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TumbleTown Never Too Late album cover
3.77 | 42 ratings | 1 reviews | 39% 5 stars

Excellent addition to any
prog rock music collection

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Studio Album, released in 2018

Songs / Tracks Listing

1. Prelude (1:59)
2. One Giant Stage (4:35)
3. Avalon (5:00)
4. Do Not Leave Me Now (5:32)
5. If I Should Meet You (6:04)
6. Transatlantic (4:50)
7. Do as They Do (11:10)
8. All Because of Me (2:45)
9. Never Too Late (8:22)
10. Tumble Town (5:36)

Total Time 55:53

Line-up / Musicians

- Han Uil / lead & backing vocals, keyboards, harmonica
- Aldo Adema / guitar, bass, keyboards
- Erik Laan / piano, organ, keyboards, lead (6) & backing vocals

- Arjan Laan / drums

Releases information

CD FREIA Music ‎- THOR46 (2018, Europe)

Thanks to mbzr48 for the addition
and to projeKct for the last updates
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TUMBLETOWN Never Too Late ratings distribution

(42 ratings)
Essential: a masterpiece of progressive rock music(39%)
Excellent addition to any prog rock music collection(26%)
Good, but non-essential (32%)
Collectors/fans only (3%)
Poor. Only for completionists (0%)

TUMBLETOWN Never Too Late reviews

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Collaborators/Experts Reviews

Review by kev rowland
3 stars This is the second album from Tumbletown, a band made up of some musicians I am sure that many progheads will be familiar with. I remember Egdon Heath from their second album, 1991's 'The Killing Silence, and guitarist/bassist Aldo Adema was involved with that band for many years while keyboard player Erik Laan is from the mighty Silhouette and singer/guitarist Han Uil was with Aldo in Seven Day Hunt. The line-up is completed by drummer Arjan Laan. Musically this is crossover prog, and I can't work out if I keep being reminded of Roxy Music during 'Avalon' due to their classic song of the same name, of if there really are similarities during the chorus. The rest of the time they are nothing like Roxy, as they move through many different styles of progressive music from prog metal through symphonic and others, but always melodic and interesting.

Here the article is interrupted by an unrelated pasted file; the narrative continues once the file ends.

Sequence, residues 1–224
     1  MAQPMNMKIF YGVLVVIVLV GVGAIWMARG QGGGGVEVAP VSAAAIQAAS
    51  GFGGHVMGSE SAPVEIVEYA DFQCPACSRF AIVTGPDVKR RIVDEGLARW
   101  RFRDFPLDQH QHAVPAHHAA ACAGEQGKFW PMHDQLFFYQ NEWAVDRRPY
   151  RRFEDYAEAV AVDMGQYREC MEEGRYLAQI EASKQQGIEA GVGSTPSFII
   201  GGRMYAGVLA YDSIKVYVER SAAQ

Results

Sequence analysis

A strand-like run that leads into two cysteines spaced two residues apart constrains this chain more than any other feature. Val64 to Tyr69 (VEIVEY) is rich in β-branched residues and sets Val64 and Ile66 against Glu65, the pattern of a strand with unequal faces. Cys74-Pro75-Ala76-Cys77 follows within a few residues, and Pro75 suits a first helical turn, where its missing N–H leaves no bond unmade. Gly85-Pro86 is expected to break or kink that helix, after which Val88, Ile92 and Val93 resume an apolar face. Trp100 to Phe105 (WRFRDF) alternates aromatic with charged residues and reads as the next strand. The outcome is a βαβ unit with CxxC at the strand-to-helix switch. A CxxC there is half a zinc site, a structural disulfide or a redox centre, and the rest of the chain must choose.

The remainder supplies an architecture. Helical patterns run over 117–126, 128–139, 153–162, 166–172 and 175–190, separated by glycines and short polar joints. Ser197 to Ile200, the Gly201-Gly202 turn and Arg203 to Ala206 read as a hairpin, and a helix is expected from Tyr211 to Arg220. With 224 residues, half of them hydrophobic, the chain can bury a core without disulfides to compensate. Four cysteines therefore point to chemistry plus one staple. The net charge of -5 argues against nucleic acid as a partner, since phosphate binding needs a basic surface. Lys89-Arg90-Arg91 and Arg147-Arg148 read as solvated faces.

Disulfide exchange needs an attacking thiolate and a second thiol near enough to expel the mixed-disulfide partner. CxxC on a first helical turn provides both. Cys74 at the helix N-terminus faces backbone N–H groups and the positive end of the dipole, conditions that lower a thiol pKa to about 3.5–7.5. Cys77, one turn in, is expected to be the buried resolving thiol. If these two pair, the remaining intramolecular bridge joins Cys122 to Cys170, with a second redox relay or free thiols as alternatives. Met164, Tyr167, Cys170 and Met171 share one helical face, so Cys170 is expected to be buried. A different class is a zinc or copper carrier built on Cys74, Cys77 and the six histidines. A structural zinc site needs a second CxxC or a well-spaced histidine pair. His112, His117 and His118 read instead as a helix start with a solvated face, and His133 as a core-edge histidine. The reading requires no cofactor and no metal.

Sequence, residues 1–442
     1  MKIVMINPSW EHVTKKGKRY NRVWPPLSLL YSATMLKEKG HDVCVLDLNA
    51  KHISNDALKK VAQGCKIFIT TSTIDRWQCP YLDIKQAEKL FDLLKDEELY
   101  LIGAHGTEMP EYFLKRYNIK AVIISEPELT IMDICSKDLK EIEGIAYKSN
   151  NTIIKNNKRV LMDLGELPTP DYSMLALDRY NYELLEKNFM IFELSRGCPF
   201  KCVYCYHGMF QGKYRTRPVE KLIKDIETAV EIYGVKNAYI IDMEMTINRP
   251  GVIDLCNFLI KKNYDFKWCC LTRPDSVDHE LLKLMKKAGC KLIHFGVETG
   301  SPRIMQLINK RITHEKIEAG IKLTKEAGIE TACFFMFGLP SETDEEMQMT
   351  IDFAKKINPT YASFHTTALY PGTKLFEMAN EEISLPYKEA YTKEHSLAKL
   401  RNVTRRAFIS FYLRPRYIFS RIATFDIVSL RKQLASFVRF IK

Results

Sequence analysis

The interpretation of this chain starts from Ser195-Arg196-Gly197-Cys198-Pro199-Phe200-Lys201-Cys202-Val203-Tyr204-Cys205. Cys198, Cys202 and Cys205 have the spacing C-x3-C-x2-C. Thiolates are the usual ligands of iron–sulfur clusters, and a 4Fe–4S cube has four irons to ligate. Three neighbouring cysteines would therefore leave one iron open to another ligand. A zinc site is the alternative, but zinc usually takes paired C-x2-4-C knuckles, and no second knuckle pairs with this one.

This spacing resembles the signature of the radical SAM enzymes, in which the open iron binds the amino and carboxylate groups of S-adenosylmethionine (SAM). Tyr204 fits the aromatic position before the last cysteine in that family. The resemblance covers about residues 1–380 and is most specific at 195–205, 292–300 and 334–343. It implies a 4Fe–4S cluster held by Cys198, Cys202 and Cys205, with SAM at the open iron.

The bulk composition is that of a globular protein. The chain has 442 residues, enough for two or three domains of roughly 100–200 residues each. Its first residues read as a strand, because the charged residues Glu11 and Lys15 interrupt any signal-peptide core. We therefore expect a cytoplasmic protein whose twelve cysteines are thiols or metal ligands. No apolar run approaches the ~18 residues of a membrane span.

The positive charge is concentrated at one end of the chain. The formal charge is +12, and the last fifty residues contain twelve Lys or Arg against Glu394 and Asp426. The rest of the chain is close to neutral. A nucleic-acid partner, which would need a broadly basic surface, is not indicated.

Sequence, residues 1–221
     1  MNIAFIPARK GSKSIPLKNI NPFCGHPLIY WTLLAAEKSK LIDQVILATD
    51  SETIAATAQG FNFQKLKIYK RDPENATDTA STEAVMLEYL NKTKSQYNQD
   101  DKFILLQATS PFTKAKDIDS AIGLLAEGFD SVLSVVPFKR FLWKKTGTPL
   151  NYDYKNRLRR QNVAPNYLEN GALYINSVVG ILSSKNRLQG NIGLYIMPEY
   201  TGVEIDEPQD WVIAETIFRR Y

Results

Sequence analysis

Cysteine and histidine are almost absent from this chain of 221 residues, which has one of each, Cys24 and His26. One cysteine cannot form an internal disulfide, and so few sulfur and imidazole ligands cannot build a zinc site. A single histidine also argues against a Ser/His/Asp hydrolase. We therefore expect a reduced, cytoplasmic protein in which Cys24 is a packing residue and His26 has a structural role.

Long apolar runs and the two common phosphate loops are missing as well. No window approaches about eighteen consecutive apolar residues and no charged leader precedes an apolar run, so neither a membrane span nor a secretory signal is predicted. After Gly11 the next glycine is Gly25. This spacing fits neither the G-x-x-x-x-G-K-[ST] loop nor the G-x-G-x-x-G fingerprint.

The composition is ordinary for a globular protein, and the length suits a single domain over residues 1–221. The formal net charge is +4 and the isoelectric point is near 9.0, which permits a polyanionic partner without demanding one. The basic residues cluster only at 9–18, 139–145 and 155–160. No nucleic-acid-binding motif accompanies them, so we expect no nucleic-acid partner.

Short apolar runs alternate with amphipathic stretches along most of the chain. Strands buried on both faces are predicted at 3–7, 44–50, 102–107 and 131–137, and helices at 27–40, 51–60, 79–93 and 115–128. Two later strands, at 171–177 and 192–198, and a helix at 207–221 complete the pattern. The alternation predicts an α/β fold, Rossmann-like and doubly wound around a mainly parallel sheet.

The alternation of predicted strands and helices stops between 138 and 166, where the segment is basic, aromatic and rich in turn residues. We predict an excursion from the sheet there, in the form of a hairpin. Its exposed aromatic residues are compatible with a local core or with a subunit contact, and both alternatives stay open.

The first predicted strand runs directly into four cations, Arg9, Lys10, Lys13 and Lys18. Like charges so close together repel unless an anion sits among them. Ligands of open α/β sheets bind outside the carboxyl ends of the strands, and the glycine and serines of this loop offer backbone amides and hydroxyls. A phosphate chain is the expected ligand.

But I have to confess that I am not a massive fan of the lead vocals, as there is something about them that jars with me. Some of the scanning is a little clunky as well, which can sometimes be an issue when people are recording in a language different to their own native tongue, but here it appears to be more of a problem than normal. There are also passages where it doesn't always gel together as it should, with the result being that one starts to wonder if there was an external producer involved, and quickly coming to the conclusion that there couldn't have been. It would be interesting to hear what someone like Karl Groom or Cllive Nolan would have done with this if they had been involved, as while the production is strong and clear, it is the arrangements that let this album down.

There are times when I feel that I am listening to a 4 or 5* album, and then there are others that make me wonder why I am playing it at all. Overall this isn't a bad album in that there are some great musical passages, but there just isn't the continuity and songwriting that makes me want to return to it again.

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